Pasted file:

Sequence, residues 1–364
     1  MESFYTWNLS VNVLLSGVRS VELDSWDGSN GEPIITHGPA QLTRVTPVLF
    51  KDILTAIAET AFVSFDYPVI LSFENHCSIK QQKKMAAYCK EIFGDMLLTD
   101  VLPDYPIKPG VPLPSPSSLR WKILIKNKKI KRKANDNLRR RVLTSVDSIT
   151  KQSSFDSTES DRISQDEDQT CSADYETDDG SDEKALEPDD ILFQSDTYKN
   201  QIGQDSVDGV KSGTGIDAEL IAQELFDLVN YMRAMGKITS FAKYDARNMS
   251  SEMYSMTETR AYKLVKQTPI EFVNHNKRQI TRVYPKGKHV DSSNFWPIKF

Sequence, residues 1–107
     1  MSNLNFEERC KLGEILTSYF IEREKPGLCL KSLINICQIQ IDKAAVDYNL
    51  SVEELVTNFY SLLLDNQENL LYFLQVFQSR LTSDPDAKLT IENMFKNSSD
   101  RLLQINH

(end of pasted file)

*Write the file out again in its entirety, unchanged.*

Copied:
Sequence, residues 1–364
     1  MESFYTWNLS VNVLLSGVRS VELDSWDGSN GEPIITHGPA QLTRVTPVLF
    51  KDILTAIAET AFVSFDYPVI LSFENHCSIK QQKKMAAYCK EIFGDMLLTD
   101  VLPDYPIKPG VPLPSPSSLR WKILIKNKKI KRKANDNLRR RVLTSVDSIT
   151  KQSSFDSTES DRISQDEDQT CSADYETDDG SDEKALEPDD ILFQSDTYKN
   201  QIGQDSVDGV KSGTGIDAEL IAQELFDLVN YMRAMGKITS FAKYDARNMS
   251  SEMYSMTETR AYKLVKQTPI EFVNHNKRQI TRVYPKGKHV DSSNFWPIKF

Sequence, residues 1–107
     1  MSNLNFEERC KLGEILTSYF IEREKPGLCL KSLINICQIQ IDKAAVDYNL
    51  SVEELVTNFY SLLLDNQENL LYFLQVFQSR LTSDPDAKLT IENMFKNSSD
   101  RLLQINH